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Report Cites Unsafe Water as Top Environmental Fear
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Unsafe drinking water in rural areas topped last year's environmental concerns, according to a report from a non-governmental organization based in Beijing.

About 320 million people, most of them farmers, still have no access to safe water, according to the recently released report themed "China's Environment in 2006: Changes and Struggles."

The report, published by the Social Sciences Academic Press and the Friends of Nature, an NGO based in Beijing, said farmers in northern areas suffer from water shortages, while in eastern areas water quality is not up to acceptable standards.

Government statistics show that 96 percent of villages have no sewage and wastewater treatment systems, while 89 percent handle garbage without proper sanitation treatment.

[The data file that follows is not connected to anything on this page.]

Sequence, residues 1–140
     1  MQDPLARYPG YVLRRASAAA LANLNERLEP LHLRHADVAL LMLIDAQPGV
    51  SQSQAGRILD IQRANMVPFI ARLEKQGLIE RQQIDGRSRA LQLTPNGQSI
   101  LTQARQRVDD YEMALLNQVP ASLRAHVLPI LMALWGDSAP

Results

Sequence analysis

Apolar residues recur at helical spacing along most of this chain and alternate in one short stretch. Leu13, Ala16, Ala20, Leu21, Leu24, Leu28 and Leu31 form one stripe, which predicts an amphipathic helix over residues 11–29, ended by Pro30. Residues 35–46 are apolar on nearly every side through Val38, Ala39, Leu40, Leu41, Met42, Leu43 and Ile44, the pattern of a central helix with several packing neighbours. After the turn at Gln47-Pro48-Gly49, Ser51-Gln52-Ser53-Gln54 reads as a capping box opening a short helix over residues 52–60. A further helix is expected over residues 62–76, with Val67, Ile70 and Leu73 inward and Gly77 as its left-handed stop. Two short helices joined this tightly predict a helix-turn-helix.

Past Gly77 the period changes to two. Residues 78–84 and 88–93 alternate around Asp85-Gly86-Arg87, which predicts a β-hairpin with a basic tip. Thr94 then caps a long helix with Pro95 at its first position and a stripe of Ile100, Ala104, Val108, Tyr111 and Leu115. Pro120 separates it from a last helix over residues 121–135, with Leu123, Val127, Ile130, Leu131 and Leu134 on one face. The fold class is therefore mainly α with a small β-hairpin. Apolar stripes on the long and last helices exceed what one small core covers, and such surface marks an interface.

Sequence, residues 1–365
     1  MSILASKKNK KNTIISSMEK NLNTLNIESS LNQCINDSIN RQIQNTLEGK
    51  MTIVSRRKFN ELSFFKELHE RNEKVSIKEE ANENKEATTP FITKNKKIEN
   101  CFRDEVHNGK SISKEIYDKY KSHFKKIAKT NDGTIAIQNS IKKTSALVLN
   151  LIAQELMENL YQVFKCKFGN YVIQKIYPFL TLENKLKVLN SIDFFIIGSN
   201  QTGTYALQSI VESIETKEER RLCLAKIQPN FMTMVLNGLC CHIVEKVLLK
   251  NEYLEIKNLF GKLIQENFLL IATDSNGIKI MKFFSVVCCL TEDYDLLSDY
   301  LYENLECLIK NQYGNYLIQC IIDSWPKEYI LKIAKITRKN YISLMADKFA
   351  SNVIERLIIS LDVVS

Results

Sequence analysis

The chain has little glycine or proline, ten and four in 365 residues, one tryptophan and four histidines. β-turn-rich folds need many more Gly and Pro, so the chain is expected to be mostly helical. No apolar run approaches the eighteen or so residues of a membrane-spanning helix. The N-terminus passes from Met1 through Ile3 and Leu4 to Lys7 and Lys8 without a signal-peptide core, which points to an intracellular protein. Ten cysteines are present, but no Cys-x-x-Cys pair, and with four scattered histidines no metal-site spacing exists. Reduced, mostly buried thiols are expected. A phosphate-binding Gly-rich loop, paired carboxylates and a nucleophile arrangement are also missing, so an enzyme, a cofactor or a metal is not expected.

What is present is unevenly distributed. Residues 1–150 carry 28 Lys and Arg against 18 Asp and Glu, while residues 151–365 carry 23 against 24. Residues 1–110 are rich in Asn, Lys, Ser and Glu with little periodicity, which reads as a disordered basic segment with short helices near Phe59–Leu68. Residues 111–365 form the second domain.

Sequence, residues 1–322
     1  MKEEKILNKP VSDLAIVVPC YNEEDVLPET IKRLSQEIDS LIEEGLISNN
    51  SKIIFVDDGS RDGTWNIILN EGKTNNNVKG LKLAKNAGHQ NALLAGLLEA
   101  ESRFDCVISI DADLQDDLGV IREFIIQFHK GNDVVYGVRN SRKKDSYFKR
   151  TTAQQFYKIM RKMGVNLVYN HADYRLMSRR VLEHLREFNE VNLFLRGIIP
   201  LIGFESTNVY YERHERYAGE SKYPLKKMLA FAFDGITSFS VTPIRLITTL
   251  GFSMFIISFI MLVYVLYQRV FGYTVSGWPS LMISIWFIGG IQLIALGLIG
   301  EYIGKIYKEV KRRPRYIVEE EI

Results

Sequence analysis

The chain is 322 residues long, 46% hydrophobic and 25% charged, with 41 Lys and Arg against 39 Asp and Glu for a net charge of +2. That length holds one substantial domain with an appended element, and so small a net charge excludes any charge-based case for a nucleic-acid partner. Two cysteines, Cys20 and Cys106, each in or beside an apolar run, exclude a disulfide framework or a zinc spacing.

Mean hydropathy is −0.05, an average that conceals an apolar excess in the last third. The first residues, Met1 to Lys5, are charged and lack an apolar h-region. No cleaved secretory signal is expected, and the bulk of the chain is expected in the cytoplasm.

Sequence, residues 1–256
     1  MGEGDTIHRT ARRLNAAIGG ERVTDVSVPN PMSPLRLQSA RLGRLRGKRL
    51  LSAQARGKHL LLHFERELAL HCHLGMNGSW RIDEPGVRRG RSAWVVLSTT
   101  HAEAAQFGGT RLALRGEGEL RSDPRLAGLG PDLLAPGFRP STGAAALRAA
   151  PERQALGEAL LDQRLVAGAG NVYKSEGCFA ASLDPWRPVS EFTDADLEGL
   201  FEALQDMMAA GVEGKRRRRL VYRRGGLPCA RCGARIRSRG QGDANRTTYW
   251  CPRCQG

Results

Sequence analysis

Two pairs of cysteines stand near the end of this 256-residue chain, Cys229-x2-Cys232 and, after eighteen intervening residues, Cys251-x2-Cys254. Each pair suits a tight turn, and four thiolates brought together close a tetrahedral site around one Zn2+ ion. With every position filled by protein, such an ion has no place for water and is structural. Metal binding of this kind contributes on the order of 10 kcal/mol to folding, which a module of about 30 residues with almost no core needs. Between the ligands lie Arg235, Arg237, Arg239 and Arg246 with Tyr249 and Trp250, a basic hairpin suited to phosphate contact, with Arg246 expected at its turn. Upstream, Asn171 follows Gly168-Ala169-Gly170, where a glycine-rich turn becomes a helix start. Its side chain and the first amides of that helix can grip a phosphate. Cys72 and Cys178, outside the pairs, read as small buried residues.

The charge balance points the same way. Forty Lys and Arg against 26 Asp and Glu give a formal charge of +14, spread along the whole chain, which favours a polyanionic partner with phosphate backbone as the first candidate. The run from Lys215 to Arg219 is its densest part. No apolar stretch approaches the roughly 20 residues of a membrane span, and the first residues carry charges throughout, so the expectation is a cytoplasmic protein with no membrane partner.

The report has highlighted polluting factories as the major contributor to the deteriorating environment in rural areas.

80-year old farmer Zheng Guolan and her grandson enjoy clean drinking water at home in the Luzhuang Village of Sheqi County in central China's Henan Province, on November 9, 2006.

Lack of monitoring and investment in green technologies are also blamed for the poor state of the environment in the report.

But Ma Jun, director of the Institute of Public & Environment Affairs, said that apart from technology improvements, uncovering the companies which cause pollution should be the priority.

"This is not a matter for technology nor investment," he said. "It is about how to expose these polluters and get the public involved in the monitoring process."

Covering four major topics of society, ecology, water, and forests the report is based on the opinions of independent experts including researchers, NGO volunteers, and journalists.

"Views from the public serve as a complementary angle to what the government has done and remind us of what needs improving," said Yang Dongping, deputy director of the Friends of Nature and a professor at the Beijing Institute of Technology.

The English version of the report was published by the Brill Academic Press, based in the Netherlands.

(China Daily March 13, 2007)

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